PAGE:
Recruiting and employing skilled workers based on the Law on Cadres and Civil Servants has nearly come to a standstill as the Interior Ministry has yet to complete new policies on preferential treatment for well-educated individuals, an SGGP investigation has found.
As of November 2009, the Ho Chi Minh City Hi-tech Agricultural Park in Cu Chi District employed three doctoral degree-holders, four workers with master’s degrees, and 44 with bachelor’s degrees.
The well-educated employees, however, have to travel 45 km outside of HCMC to Pham Van Coi Commune where the park is located, and are scarcely compensated financially.
The doctoral degree holders earn just VND2.2 million (US$116) per month; the master’s degree holders earn VND1.9 million; and those with bachelor’s degrees earn VND1.5 million per month. The skilled workers receive no other benefits or allowances.
In a report to the city People’s Committee, the park’s Management Board said if salary policies are not changed, they could not expect the low-paid experts to perform at a high level, nor successfully recruit new talent.
The Management Board has also invited a number of scientists and researchers to work for the park, but only a handful have accepted the offers.
|Customs staff conduct transactions at the HCMC Customs Sub-Department. An SGGP investigation has shown that unsatisfactory pay is among the largest obstacles to recruiting and employing skilled workers. (Photo: SGGP)|
Meanwhile, at the Calculation Science and Technology Institute – an affiliate of HCMC Department of Science and Technology – overseas Vietnamese experts who work as directors, vice directors and heads of departments, are paid just VND17, 15 and 10 million per month respectively.
The low salaries for such high-ranking positions make recruitment very difficult, the institute says.
Similarly, the Department of Agricultural and Rural Development’s Biological Technology Center, which was recently put into operation, requires 180-200 researchers with doctoral or master’s degrees. But again, poor salary offers have proved to deter well-educated individuals from accepting positions, leaving the center still in need of researchers.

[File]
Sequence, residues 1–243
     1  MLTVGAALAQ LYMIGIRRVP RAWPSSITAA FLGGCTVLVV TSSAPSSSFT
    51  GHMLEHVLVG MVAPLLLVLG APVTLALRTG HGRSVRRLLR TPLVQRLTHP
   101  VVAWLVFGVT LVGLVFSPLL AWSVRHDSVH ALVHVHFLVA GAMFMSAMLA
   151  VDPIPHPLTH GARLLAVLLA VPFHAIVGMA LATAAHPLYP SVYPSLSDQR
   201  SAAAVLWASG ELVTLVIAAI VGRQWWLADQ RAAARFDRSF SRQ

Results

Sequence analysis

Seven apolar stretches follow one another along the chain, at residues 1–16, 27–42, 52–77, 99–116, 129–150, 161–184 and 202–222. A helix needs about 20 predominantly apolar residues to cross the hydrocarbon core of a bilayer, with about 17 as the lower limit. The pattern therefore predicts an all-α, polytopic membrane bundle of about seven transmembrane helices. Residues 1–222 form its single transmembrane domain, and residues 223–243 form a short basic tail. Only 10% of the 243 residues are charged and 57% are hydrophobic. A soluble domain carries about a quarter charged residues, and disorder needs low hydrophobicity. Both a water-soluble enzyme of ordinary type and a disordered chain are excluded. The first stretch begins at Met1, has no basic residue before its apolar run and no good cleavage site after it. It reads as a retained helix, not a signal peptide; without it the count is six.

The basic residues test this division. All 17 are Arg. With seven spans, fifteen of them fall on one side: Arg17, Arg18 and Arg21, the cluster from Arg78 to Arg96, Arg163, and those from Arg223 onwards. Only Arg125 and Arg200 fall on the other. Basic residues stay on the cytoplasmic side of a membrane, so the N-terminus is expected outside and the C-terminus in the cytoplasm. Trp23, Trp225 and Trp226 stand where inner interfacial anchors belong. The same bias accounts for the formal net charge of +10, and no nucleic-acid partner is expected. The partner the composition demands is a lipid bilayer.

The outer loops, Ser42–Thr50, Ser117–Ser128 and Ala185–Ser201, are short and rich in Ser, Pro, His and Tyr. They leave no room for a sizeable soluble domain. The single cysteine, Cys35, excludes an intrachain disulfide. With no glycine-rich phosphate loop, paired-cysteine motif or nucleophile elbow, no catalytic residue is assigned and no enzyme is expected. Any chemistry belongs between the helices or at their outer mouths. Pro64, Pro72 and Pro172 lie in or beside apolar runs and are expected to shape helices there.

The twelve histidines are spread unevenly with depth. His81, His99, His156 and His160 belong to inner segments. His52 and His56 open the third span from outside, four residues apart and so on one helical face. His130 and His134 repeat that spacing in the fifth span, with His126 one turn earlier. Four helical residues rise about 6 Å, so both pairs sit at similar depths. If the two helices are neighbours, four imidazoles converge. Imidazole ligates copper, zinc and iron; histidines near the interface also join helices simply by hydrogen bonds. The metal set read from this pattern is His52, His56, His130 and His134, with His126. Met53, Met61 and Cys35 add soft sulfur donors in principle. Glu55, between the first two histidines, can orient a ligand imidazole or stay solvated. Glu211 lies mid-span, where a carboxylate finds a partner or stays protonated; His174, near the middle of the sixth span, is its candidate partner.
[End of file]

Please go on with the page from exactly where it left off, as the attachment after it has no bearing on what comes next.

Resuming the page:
Meanwhile, many Vietnamese who have received overseas cadre training, are sought out by domestic headhunters.
“How can civil servants focus on their work when they cannot live on their income?” asked Truong Van Non, chairman of the HCMC's Go Vap District People’s Committee.
“There were 149 people who passed the district’s first civil servant exam and after three years of working for district agencies, 53 quit,” he said.
Civil servant exams should be specialized
According to a recent World Bank report on Vietnam’s development status, 16,000 civil servants resigned from their jobs in the 2003-2007 period, of which over 40 percent of the resignations came from workers in HCMC.
To improve the efficiency of civil servant recruitment, separate competitive exams for each position should be organized instead of a general one, Dang Van Khoa, a member of the city People’s Committee, suggested.
“Such specialized exams will encourage candidates to improve their knowledge to be selected for key positions in State agencies. The city once had a similar plan for civil servant recruitment but that plan failed,” he said.
“After all, administrative reform also means changing thinking in terms of recruitment and use of civil servants. In order to find talented individuals, we must improve our recruitment methods,” Mr. Khoa said.
Appointing employees without holding open, specialized exams will fail to utilize true talent, he added.
Vo Thanh Phong, deputy director of the HCMC Department of Interior, said, “City People’s Committee Chairman Le Hoang Quan has approved an action program for personnel organization by 2020, which includes re-arranging civil servants, improving recruitment methods, and preferential treatment for cadres with high professional skills.”
The city is also investing in large-scale programs to seek and train skilled workers, including a program to train 300 Ph.D.s and master’s students; and another to train a “gold generation” of young, talented individuals for the cultural, sports and tourism sector, said Mr. Phong.